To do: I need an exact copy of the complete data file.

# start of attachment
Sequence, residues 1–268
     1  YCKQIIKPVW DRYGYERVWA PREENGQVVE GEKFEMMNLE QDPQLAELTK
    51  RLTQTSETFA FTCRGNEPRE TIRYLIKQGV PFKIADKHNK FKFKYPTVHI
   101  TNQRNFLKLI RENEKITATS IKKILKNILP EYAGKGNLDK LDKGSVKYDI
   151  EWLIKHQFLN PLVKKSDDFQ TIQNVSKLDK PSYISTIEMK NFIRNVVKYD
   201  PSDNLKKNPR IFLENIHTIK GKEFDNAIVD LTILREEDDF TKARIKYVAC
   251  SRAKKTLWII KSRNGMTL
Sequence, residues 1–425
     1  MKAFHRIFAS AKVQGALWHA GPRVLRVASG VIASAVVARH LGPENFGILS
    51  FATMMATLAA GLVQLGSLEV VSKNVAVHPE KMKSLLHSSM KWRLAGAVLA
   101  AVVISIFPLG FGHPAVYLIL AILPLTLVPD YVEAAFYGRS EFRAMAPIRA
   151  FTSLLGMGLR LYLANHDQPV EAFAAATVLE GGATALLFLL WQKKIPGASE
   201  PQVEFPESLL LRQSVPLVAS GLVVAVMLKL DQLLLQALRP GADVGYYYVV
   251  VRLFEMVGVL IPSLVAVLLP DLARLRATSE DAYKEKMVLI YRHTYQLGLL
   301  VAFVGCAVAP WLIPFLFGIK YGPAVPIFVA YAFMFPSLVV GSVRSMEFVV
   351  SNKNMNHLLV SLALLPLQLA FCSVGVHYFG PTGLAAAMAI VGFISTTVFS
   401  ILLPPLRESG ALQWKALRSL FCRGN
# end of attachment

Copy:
Sequence, residues 1–268
     1  YCKQIIKPVW DRYGYERVWA PREENGQVVE GEKFEMMNLE QDPQLAELTK
    51  RLTQTSETFA FTCRGNEPRE TIRYLIKQGV PFKIADKHNK FKFKYPTVHI
   101  TNQRNFLKLI RENEKITATS IKKILKNILP EYAGKGNLDK LDKGSVKYDI
   151  EWLIKHQFLN PLVKKSDDFQ TIQNVSKLDK PSYISTIEMK NFIRNVVKYD
   201  PSDNLKKNPR IFLENIHTIK GKEFDNAIVD LTILREEDDF TKARIKYVAC
   251  SRAKKTLWII KSRNGMTL
Sequence, residues 1–425
     1  MKAFHRIFAS AKVQGALWHA GPRVLRVASG VIASAVVARH LGPENFGILS
    51  FATMMATLAA GLVQLGSLEV VSKNVAVHPE KMKSLLHSSM KWRLAGAVLA
   101  AVVISIFPLG FGHPAVYLIL AILPLTLVPD YVEAAFYGRS EFRAMAPIRA
   151  FTSLLGMGLR LYLANHDQPV EAFAAATVLE GGATALLFLL WQKKIPGASE
   201  PQVEFPESLL LRQSVPLVAS GLVVAVMLKL DQLLLQALRP GADVGYYYVV
   251  VRLFEMVGVL IPSLVAVLLP DLARLRATSE DAYKEKMVLI YRHTYQLGLL
   301  VAFVGCAVAP WLIPFLFGIK YGPAVPIFVA YAFMFPSLVV GSVRSMEFVV
   351  SNKNMNHLLV SLALLPLQLA FCSVGVHYFG PTGLAAAMAI VGFISTTVFS
   401  ILLPPLRESG ALQWKALRSL FCRGN